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Perfume Scam ('The Knockout Perfume')

Evolution of an Urban Legend

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ONE OF THE more alarming urban legends making the email rounds since 1999 alleges that bands of thieves in the U.S. and elsewhere are using ether-spiked perfume samples to render victims unconscious before making off with their valuables. The only case that has come even close to being confirmed is that of Bertha Johnson of Mobile, Alabama, who told police in 1999 she was robbed of $800 after sniffing a cologne sample offered by a stranger and passing out in her car. Toxicological tests revealed no foreign substance in Johnson's blood.

Though the details have morphed over time, versions of the story showing up in inboxes today appear to be directly descended from early news reports about the alleged incident in Alabama. Instead of cologne, the soporific sample is now most often said to be perfume. Instead of an unknown, undetectable substance, the knockout drug is said to be ether. Interestingly, the moral of the story, which began simply as "Beware of parking lot scammers," has evolved into "If not for these email warnings, I could have been a victim too — and so could you!"

It is typical for the content of rumors, hoaxes, and urban legends to change as they pass from person to person (or inbox to inbox). Variants emerge for a couple of reasons: for one, as anyone who has ever played the children's game called "Telephone" can attest, perception and memory are fallible, and people tend to misremember and/or misreport things they've heard; for another, it's in the nature of storytelling (and storytellers) to "creatively enhance" a yarn to make it more scary, more funny, and/or more believable. These processes can be seen at work in the "The Knock-Out Perfume."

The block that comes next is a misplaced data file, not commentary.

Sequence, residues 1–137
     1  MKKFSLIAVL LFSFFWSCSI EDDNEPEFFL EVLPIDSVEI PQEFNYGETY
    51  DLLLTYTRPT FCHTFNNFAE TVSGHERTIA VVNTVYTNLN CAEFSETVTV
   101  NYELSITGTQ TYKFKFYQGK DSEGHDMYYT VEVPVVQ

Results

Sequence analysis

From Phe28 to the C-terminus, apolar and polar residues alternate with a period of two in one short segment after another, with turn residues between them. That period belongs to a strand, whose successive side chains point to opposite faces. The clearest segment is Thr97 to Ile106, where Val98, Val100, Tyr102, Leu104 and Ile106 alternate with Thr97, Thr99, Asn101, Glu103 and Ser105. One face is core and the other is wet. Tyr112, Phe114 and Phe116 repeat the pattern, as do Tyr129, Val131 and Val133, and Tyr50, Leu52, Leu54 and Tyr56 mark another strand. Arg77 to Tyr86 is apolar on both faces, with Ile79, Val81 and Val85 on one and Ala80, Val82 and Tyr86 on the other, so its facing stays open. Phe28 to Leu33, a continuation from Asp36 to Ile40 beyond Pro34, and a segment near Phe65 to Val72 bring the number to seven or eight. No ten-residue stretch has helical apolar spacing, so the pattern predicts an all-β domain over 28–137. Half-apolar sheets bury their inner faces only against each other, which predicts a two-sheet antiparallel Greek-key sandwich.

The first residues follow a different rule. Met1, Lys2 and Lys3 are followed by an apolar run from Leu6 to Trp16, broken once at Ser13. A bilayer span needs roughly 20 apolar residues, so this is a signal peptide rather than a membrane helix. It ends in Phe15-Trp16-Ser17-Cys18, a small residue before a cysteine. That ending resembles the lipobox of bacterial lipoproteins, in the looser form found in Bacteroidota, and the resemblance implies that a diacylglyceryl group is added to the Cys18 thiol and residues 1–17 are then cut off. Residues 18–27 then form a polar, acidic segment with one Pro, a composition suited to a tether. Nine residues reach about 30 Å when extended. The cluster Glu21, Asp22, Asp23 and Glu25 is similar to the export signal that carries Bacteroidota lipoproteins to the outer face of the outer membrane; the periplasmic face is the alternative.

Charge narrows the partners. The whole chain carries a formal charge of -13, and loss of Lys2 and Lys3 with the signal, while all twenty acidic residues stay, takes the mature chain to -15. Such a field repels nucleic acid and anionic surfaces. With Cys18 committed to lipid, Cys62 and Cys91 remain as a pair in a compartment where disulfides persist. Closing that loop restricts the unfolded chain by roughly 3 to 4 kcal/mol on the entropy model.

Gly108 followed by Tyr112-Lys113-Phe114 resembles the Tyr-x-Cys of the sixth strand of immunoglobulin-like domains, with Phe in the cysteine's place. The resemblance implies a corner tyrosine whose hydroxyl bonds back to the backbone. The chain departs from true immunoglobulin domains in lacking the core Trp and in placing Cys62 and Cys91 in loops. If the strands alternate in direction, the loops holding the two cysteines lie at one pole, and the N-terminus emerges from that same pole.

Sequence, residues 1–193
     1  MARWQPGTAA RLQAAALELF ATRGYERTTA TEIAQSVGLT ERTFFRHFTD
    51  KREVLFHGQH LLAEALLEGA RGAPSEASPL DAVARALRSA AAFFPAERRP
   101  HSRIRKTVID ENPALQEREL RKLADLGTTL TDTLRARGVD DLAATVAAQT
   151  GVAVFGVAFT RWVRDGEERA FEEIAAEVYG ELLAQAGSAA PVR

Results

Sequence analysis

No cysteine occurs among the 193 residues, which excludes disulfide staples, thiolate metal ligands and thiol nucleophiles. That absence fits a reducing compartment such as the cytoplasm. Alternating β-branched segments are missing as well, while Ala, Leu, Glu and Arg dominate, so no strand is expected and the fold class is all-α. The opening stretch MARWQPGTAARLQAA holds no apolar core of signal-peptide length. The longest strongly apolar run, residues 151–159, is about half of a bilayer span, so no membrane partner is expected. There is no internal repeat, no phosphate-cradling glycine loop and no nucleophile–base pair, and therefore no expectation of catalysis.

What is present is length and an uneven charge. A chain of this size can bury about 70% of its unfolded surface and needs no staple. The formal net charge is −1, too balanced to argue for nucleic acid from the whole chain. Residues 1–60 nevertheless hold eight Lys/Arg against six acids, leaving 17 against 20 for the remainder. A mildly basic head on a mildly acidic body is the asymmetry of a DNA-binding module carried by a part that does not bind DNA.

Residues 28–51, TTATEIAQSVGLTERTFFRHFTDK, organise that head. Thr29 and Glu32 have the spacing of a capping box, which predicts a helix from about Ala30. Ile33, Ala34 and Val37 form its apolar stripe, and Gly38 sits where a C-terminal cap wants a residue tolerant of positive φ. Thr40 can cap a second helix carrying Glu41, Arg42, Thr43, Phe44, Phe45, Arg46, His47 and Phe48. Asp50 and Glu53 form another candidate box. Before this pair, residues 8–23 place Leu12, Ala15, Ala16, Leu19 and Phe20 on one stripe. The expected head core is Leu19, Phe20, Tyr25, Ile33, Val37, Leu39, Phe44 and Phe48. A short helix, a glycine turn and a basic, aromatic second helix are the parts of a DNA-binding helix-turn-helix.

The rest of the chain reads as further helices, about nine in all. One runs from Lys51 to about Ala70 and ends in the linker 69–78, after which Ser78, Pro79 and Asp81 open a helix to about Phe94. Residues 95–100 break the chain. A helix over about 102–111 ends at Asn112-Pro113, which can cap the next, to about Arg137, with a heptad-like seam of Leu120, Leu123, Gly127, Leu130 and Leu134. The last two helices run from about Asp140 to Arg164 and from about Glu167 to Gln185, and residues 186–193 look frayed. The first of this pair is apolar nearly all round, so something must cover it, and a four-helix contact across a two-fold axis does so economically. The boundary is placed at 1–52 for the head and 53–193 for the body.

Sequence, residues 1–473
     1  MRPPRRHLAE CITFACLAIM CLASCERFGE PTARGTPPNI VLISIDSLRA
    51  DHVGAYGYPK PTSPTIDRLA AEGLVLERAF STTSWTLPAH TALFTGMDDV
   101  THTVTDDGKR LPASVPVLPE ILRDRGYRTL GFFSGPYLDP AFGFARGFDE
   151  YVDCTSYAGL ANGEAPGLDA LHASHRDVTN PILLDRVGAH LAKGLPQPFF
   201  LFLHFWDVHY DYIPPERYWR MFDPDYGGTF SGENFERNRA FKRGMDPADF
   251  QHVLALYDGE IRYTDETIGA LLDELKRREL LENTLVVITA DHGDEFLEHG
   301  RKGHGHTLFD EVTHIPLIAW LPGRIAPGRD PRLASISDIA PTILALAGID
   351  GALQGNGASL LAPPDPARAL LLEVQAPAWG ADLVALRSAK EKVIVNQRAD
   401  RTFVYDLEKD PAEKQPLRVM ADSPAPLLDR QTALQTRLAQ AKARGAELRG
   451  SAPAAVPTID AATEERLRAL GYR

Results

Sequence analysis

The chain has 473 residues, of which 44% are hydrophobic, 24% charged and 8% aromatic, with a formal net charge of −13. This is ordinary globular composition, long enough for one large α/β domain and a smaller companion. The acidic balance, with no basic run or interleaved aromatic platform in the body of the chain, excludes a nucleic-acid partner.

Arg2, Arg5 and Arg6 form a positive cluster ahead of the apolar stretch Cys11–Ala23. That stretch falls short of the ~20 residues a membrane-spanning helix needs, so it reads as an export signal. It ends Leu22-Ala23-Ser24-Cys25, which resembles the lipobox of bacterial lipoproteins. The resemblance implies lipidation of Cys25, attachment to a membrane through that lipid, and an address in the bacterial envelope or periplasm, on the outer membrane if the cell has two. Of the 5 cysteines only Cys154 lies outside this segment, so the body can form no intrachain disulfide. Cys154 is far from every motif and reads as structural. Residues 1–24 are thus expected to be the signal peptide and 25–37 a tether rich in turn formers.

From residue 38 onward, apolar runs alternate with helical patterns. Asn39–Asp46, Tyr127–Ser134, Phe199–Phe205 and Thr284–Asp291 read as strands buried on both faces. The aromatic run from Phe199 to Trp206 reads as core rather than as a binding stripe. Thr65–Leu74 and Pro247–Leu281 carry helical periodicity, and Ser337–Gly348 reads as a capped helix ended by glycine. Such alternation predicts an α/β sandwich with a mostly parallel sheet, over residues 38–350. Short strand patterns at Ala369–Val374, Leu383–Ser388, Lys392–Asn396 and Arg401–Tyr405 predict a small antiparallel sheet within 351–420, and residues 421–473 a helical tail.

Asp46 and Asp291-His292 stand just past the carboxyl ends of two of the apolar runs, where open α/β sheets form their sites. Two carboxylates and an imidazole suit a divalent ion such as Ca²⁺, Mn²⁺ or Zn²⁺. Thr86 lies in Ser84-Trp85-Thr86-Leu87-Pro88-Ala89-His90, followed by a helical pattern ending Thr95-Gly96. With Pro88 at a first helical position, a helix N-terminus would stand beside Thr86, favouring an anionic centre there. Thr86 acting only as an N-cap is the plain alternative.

Two sniffs and you're out!

On November 8, 1999, the Mobile, Alabama police department issued a press release stating the following:

On Monday, November 8, 1999, at approximately 2:30 p.m. Officers from the Third Precinct responded to the World of Wicker, at 3055 Dauphin Street. When the Officers arrived the victim, 54-year-old Bertha Johnson of the 2400 block of St. Stephens Road, advised she was rendered unconscious after smelling an unknown substance. Johnson was approached by an unknown black female, who was described as follows: slim build, 120-130 pounds, 5 feet 7 inches tall and was last seen wearing a Leopard print wrap on her head and large gold loop earrings. The victim told Investigators the incident occurred at the Amsouth Bank at 2326 Saint Stephens Road. After the victim regained consciousness she discovered her property missing from her purse and her vehicle. The MOBILE POLICE DEPARTMENT is advising the public to be on alert for this type of activity.
Naturally, the local media jumped on the story. A November 10 article in the Mobile Register quoted Johnson as saying her assailant offered her a $45 bottle of cologne for only $8 and talked her into to sniffing a sample. She did, once, and detected nothing odd about it. But when she sniffed it again she lost consciousness. The next thing she knew, Johnson told police, she was standing in different parking lot miles away, dazed, confused and missing $800 in cash.

"I feel like I got flimflammed out of something that I should have known better than to even look out the window at her," she told the Register.

Within days, the story of Bertha Johnson's parking lot misadventure was all over the Internet.

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